In southwestern Virginia, the Blue Ridge Mountains shelter the town of Floyd, which celebrates its renown for both music and fine art with a Friday Night Jamboree and Paint Out. Throughout the summer, visitors encounter a variety of local talents on the Floyd Artisan Trail and, this coming June 10-12, they will also enjoy special events at local artists' studios, galleries, shops, and wineries. Housed in a former dairy barn, the Floyd Center for the Arts beckons with open studios, exhibitions, workshops, and other events such as the New River Art Biennial Juried Exhibition (June 9-August 5) and the first Floyd Plein Air Festival (August 14-19).
Heading 120 miles south through the Appalachians, you will reach Blowing Rock, North Carolina (pop. 1,237). This town is small yet artistically mighty thanks to the Blowing Rock Art & History Museum (now featuring realist paintings by Ronna S. Harris through July 23), several intriguing galleries, and a roster of Art in the Park events showcasing 90 different artisans (May 20, June 10, July 15, August 12, September 9, October 7).
Encircled by the Great Smoky and Blue Ridge Mountains in western North Carolina, the city of Asheville is renowned for its lively arts scene and as the setting of America's lru·gest house, Biltmore. Constructed by the fabulously rich George Washington Vanderbilt II (1862-1914), this mansion and its grounds require almost a full day to explore. (For details on its art collection, see the February 2016 issue of Fine Art Connoisseur.) While in Asheville, visit the Downtown Art District, which includes the Asheville Gallery of Art, Blue Spiral 1, and Haen Gallery. The River Arts District has 22 former factory buildings that have been transformed into studios where visitors can browse and observe artists at work. First Friday Art Walks are held April through December, and the Asheville Art Museum, though closed for a major expansion, is currently represented by a pop-up location at 175 Biltmore Avenue.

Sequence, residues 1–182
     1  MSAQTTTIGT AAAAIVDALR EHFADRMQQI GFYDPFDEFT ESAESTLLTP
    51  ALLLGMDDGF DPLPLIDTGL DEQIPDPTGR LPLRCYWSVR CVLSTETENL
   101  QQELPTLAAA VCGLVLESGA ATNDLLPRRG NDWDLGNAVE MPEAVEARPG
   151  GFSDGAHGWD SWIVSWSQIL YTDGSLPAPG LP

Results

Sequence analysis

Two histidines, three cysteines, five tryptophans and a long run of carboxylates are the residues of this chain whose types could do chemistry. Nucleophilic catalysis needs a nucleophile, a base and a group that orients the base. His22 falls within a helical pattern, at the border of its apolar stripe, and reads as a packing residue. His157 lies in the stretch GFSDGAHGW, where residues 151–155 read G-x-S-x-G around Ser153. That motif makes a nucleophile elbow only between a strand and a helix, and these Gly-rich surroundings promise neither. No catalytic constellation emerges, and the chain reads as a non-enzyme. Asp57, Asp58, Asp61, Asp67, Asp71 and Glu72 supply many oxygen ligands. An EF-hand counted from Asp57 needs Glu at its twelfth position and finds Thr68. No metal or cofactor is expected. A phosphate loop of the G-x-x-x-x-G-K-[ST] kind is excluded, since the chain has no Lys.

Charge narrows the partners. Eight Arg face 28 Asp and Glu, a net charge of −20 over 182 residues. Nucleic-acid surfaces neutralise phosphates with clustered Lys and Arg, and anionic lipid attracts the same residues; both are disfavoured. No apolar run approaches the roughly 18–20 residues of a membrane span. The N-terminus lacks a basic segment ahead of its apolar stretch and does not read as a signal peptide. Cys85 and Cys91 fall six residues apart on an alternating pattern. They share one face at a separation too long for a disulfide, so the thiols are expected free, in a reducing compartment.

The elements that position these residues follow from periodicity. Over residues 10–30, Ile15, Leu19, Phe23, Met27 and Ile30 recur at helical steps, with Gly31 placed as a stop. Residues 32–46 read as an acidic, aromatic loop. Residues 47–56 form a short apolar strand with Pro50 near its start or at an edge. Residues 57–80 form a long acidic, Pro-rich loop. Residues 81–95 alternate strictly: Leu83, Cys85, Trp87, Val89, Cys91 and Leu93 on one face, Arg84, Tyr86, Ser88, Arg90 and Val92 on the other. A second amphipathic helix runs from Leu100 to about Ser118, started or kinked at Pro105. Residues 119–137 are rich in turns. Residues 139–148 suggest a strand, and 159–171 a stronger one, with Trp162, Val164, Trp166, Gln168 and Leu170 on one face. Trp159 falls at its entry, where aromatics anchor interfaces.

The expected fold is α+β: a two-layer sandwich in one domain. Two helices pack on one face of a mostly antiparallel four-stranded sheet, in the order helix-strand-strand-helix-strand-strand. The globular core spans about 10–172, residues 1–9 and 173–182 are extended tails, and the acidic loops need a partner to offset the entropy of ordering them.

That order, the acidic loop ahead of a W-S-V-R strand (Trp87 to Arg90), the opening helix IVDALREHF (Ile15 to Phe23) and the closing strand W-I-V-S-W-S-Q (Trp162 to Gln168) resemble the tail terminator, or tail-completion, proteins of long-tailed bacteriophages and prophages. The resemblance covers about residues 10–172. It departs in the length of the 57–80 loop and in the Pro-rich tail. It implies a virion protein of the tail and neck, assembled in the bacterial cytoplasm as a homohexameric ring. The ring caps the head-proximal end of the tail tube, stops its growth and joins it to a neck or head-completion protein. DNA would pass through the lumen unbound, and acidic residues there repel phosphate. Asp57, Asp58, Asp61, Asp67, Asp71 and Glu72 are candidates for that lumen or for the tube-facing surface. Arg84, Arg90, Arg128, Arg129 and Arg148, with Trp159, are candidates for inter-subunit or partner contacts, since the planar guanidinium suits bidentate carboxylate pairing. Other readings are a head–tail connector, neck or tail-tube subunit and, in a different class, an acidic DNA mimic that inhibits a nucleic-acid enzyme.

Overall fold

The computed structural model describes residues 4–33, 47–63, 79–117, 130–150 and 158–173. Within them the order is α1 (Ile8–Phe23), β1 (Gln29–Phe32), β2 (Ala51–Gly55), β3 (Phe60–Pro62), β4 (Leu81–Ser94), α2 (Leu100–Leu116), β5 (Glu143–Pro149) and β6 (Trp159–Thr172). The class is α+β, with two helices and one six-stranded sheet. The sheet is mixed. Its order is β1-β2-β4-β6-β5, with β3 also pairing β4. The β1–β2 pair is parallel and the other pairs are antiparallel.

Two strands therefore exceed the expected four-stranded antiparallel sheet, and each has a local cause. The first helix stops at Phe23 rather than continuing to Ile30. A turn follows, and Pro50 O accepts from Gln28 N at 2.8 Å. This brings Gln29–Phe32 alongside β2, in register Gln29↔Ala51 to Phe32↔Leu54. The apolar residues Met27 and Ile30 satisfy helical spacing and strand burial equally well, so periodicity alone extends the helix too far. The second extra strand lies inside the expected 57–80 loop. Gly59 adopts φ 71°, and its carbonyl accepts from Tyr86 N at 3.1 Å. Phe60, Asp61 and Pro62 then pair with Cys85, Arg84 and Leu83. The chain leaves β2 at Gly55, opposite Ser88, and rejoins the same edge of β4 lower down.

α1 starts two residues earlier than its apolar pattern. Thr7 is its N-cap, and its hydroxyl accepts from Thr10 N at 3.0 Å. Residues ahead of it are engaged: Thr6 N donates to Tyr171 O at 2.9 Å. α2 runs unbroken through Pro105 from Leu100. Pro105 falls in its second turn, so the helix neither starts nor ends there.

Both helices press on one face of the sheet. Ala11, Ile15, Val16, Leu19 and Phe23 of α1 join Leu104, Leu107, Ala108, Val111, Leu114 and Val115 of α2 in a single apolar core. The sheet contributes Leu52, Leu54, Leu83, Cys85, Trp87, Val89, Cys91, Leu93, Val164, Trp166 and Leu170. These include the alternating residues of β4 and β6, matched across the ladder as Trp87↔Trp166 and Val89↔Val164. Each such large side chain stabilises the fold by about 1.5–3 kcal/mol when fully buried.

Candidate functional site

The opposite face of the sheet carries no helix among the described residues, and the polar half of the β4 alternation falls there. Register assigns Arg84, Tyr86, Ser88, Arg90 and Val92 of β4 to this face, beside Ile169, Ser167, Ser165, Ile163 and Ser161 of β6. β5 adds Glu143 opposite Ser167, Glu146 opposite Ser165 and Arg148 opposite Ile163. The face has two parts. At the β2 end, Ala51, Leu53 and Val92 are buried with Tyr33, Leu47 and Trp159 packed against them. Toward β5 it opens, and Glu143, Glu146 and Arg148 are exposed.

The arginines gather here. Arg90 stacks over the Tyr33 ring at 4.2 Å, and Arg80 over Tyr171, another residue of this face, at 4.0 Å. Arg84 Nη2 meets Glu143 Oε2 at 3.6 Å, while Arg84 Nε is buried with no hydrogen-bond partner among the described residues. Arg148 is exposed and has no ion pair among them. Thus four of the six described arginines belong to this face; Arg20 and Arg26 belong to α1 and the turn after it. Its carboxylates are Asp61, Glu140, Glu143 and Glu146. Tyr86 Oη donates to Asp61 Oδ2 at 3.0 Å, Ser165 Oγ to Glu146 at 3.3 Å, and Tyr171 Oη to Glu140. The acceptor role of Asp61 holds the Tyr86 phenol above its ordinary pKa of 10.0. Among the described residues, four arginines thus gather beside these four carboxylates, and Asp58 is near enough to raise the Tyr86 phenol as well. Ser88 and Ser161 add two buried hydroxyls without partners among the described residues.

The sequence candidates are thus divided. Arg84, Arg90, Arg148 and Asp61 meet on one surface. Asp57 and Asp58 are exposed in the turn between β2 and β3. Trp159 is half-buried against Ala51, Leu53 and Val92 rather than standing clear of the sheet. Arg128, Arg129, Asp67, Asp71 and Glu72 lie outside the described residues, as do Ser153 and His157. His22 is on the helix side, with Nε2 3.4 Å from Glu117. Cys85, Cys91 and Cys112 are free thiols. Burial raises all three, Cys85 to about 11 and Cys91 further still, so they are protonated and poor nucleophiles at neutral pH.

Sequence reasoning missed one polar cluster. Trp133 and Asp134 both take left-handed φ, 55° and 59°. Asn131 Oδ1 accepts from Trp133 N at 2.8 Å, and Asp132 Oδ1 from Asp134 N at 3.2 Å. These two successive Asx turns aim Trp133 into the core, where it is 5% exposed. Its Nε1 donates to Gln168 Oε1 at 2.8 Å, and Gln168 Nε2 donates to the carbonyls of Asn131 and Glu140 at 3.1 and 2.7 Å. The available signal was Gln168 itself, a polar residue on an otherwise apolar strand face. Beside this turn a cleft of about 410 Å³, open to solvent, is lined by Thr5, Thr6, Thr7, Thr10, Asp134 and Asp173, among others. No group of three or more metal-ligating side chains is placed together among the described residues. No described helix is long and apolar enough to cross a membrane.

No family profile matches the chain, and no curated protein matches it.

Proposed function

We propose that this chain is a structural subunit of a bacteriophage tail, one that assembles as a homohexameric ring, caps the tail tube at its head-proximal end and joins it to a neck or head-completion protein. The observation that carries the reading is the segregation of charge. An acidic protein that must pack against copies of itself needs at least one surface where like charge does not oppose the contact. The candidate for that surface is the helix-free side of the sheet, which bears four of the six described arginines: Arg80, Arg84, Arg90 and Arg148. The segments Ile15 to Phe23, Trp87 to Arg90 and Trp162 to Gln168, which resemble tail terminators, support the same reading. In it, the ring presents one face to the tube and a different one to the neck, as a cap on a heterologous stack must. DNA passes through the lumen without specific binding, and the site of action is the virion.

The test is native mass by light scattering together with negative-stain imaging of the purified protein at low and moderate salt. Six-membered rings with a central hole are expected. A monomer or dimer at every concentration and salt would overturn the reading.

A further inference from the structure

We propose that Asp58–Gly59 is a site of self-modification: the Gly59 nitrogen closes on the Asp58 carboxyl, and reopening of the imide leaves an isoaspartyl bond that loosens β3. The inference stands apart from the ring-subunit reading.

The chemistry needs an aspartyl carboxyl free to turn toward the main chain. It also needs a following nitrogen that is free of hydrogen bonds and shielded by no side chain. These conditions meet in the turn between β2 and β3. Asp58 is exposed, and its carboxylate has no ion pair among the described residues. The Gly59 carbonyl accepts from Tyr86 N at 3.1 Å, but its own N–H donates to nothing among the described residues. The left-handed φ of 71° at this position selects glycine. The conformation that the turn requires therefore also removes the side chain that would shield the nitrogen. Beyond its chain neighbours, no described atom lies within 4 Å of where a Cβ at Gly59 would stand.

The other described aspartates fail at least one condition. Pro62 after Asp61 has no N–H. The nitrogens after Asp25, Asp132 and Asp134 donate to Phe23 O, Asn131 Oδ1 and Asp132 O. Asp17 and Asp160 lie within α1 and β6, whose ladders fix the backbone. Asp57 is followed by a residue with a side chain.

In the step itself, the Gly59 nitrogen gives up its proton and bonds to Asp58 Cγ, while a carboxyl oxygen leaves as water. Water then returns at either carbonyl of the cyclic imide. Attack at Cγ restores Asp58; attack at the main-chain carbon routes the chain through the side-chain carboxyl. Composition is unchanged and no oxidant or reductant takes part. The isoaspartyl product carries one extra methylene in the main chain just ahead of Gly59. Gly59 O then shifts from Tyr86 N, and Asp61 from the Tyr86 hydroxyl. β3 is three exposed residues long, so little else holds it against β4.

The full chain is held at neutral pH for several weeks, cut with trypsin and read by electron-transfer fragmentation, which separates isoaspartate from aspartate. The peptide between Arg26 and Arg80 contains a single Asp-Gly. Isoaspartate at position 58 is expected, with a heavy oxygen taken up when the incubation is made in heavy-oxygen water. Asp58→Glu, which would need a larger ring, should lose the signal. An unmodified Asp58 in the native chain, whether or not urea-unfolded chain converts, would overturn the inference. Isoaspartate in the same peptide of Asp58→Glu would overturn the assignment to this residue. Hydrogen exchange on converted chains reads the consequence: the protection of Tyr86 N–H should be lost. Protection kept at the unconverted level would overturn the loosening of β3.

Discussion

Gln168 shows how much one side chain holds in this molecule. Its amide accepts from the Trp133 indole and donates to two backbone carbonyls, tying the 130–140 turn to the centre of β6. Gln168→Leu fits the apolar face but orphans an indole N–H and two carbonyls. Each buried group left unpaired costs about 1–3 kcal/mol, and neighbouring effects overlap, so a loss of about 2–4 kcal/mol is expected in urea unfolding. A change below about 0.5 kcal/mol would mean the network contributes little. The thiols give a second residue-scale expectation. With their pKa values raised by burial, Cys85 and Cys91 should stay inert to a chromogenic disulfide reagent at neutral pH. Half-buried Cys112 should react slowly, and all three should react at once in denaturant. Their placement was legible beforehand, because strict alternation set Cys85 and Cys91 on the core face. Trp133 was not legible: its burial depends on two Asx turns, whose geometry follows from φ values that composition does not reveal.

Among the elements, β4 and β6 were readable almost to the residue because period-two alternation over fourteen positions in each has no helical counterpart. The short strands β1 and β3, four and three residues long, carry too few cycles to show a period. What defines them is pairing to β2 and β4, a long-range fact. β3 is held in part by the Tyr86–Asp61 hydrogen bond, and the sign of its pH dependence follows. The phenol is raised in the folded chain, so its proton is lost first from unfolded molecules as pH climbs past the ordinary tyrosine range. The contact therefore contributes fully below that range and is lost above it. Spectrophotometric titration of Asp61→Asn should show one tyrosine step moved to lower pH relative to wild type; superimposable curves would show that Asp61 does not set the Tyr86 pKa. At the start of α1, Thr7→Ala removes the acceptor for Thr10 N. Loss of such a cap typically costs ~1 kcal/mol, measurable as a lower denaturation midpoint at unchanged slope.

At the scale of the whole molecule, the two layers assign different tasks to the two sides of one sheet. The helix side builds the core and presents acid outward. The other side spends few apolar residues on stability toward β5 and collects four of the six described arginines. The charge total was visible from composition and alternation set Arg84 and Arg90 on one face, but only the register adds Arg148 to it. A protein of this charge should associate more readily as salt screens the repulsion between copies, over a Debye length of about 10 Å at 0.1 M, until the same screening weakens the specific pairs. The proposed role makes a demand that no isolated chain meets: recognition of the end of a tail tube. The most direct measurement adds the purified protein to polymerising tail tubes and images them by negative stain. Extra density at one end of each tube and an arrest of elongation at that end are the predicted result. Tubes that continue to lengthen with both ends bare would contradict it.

Driving another 135 miles southwest, art lovers arrive in Blue Ridge, Georgia, where the Blue Ridge Mountains Arts Association will present works by the 18 members of the Eastern League of Professional Artists (July 29-August 26). Nearby, the Art Center in the historic Fannin County Courthouse includes studios, five galleries, and five guilds. This organization produces Arts in the Park festivals along Lake Chatuge on both Memorial Day weekend and the second weekend in October. Downtown, don't miss the recently established Gartrell Gallery and Artist Studios, where you can watch seven artists busy creating.
The Great Smoky Mountains town of Gatlinburg, Tennessee, showcases traditional Appalachian culture along its eight-mile-long Arts and Crafts Trail, where artists and artisans can be visited as they paint, whittle, quilt, and throw pots. Featuring more than 200 talents from across America, the Gatlinburg Craftsmen's Fair has two annual editions; this year's are set for July 14-23 and October 5-22.
The South's other major mountain range is the Ozarks, where the Crystal Bridges Museum of American Art was opened in 2011 by the philanthropist Alice Walton on a 120-acre property in Bentonville, Arkansas, near the headquarters of her family's global business, Walmart. Its collection spans five centuries and includes masterworks by such diverse talents as Asher B. Durand, Thomas Eakins, Georgia O'Keeffe, Norman Rockwell, and James Turrell. This year the glass master Dale Chihuly (b. 1941) is being honored with two shows - one indoors and the other in one of the museum's forests.
The Rocky Mountains arc North America's longest range, stretching 3,000 miles from New Mexico into Canada. Several national parks protect its most significant areas and anchor a vibrant tourism industry that provides local artists with a steady clientele who allow them to live and create in ruggedly beautiful surroundings.
Estes Pru·k, Colorado, is a quintessential mountain town, bordering Rocky Mountain National Pru·k, with a river running through it and elk frequently wru1dering its streets. Art thrives downtown with a variety of galleries, studios, and events including the Art Market held every Memorial Day weekend and the Jazz Fest and Art Walk that includes the Windows to the West Fine Art Show & Sale (June 2-4). In August, several events celebrate the many joys of painting outdoors.